In Finland, the shortage of doctors and nurses has been a topic of hot public debate recently. According to Soininvaara, the problem is more a lack of funds than staff availability. Norwegian authorities have earmarked a sum worth over FIM (Finnish markka) 700 million (USD 112,064,776) to send Norwegian patients abroad to get treatment.


Tuning in Lapland

Finland's Parliamentary Ombudsman, Lauri Lehtimaja, wants a report from the Ministry of Transport and Communications on how the poor reception of television programmes in the Sodankylä area in Finnish Lapland can be improved. According to Lehtimaja, the constitutional guarantee of freedom of expression includes both sending messages and receiving them.

Currently, Finnish Lapland has extensive areas in which television reception is very poor and costly special antennas are needed. According to the distribution company, Digita, just under 0.5 per cent of Finns live in the areas in question. No real improvements are expected before the usage of new digital technology, which would affect the Sodankylä area by 2005 or 2006. Lehtimaja says that action must be taken sooner.


Leave well enough alone

Finland does not want any new investigations into the sinking of the car and passenger ferry Estonia. In a statement sent to the Swedish Ministry of Commerce, the Finnish Ministry of Justice repeated Finland's earlier view that the international commission's final report is reliable. Sweden asked Finland for a statement on holding a possible new investigation.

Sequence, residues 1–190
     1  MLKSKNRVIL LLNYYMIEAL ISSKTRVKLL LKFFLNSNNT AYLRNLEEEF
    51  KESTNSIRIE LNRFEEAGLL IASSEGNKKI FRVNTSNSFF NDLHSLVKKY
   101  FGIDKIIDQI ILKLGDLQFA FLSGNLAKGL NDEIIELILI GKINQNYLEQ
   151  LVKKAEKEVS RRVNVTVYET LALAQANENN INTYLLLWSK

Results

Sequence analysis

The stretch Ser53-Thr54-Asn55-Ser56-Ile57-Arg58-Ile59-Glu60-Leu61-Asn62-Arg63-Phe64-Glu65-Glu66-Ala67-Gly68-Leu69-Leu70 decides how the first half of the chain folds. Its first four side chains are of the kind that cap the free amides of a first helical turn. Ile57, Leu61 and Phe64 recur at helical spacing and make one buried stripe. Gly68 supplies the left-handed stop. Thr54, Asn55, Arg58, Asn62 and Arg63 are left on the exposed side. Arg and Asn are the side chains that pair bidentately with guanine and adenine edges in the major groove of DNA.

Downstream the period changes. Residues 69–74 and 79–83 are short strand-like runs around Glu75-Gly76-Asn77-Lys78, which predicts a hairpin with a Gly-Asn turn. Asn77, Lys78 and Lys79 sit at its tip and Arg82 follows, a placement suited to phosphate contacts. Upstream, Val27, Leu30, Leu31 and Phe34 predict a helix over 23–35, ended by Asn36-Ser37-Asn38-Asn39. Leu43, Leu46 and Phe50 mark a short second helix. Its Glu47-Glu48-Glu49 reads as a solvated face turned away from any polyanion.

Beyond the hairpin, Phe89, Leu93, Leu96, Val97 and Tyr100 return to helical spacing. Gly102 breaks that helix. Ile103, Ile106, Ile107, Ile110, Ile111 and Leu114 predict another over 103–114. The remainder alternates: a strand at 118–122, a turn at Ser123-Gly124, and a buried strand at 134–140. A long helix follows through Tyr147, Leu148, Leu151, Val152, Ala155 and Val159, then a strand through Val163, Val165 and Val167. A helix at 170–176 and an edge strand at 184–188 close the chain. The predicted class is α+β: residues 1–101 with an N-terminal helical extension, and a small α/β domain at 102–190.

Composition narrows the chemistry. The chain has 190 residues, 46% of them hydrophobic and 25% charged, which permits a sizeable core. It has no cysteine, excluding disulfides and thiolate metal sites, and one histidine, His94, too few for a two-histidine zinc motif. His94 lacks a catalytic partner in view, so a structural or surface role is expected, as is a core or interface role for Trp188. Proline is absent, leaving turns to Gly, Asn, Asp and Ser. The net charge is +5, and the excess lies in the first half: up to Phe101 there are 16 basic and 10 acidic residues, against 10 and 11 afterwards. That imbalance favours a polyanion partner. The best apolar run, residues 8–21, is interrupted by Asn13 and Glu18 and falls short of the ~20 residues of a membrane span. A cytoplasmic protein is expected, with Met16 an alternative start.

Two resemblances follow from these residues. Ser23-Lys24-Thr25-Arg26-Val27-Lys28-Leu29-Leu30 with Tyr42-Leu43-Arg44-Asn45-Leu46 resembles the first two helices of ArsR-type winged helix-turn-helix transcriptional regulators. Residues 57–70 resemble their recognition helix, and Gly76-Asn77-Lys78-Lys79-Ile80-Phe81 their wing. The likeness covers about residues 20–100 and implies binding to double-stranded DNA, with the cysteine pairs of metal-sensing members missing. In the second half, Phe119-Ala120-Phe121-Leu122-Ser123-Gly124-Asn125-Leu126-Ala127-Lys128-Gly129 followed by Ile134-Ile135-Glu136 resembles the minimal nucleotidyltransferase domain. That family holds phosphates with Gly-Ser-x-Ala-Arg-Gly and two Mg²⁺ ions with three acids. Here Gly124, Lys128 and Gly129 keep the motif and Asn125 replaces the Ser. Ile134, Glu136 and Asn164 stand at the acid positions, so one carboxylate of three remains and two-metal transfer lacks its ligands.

The passenger ferry Estonia sank in September 1994 on its way from Tallinn to Stockholm. A total of 852 passengers, mostly Estonians and Swedes, died and only 137 were rescued. The international commission stated in its report that the main reason for the catastrophe was that the ship's front hulls were too weak and broke during a storm, ripping through the watertight bow ramp inside it, thus allowing water to pour into the car deck.


And in other news...

  • Minister of Foreign Trade Kimmo Sasi has called for a reduction in the number of members in the Finnish Parliament to 150. Minister of Justice Johannes Koskinen replied that the reduction of the number of Parliamentarians is not a topical issue.
  • Two-thirds of the market capital of the Helsinki Stock Exchange is in foreign hands. Parliament removed the limits to foreign ownership in 1993.
  • According to Statistics Finland, the value of all buildings, land, vehicles and machinery in Finland is only twice the value of telecommunications corporation Nokia.
  • Doctors say that alcoholism and depression are so common in Finland that they could be regarded as national diseases. Almost one Finn out of ten is seriously depressed, and the same number drinks too much alcohol.
  • The difference in the wealth of families has clearly increased in recent years. The difference between the eight lowest income brackets and the two uppermost have grown fast since 1988.
  • Recent survey shows that students are quite pleased with their economic situation. Over half of the students finance their studies by working. Loans and financial aid from parents are not as common as during the depression years of the 1990s.

Aleksi Vakkuri, 12 January 2001